Latest News

International Arms Trafficking Implications in Panama

Security officials may be part of an international arms trafficking network in Panama
SHARETweet about this on TwitterShare on FacebookShare on LinkedInShare on Google+
Authorities in Panama are asking the United States for assistance in investigating an international arms trafficking network that may have included the participation of former security officials, raising questions about the country’s role in the regional arms trafficking trade.

Prosecutors in Panama have asked for two US judicial assistants to participate in an international arms trafficking investigation that implicates several former officials from the Central American nation’s Public Security Directorate (Dirección Institucional de Asuntos de Seguridad Pública – DIASP), La Prensa reported October 12.

Authorities are investigating nine individuals, eight of whom are former DIASP officials, for their alleged role in importing 100 weapons into Panama after they were purchased in the United States, according to a number of press releases from the Attorney General’s Office.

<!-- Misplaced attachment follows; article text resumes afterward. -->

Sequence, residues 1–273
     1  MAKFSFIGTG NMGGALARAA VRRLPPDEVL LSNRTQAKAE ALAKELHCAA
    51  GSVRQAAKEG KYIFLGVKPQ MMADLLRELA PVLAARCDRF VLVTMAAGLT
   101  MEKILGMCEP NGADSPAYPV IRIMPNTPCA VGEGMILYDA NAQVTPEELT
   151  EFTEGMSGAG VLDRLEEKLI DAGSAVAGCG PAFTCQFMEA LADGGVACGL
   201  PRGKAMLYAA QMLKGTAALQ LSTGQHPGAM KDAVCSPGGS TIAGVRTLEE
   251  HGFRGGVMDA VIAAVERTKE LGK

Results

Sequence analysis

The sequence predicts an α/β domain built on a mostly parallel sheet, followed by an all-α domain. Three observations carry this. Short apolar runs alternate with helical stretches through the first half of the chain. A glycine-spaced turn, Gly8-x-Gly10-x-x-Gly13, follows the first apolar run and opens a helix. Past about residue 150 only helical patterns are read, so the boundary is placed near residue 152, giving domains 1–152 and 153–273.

The investigation was recently extended six months to “analyze” whether or not the head of the DIASP, Ovidio Fuentes, was also involved in the network, La Prensa reported. Fuentes has been temporarily suspended from the DIASP while the investigation continues.

So far, prosecutors have been able to recover at least 40 of the weapons imported into Panama from the United States, including an AR-15 assault rifle and various grenades, according to La Prensa. The network reportedly purchased the weapons for between $149 and $540 each in the United States before they were sold to unidentified local merchants in Panama at a marked up value between $5,500 and $7,500.

Prosecutors allege the weapons were purchased between 2016 and 2017. However, the weapons reportedly had permits listed for 2012, suggesting that this information was altered by DIASP officials, who are responsible for providing the proper permits and certifications for imported firearms, according to a 2012 firearms law. The 2012 law also says that only authorized security personnel can import firearms into Panama.

For security services in Panama please contact us.

You may also like

Fresh Allegations Move Maduro Closer To Criminal Charges

The former attorney general of Venezuela claims she has provided proof to prosecutors in the US which is evidentiary support that President Nicolás Maduro was involved in criminal undertakings. This evidence against President Maduro is now potentially leaving him in a situation in which he is facing criminal charges and his administration is defenseless to […]

Leave a Reply

Your email address will not be published. Required fields are marked *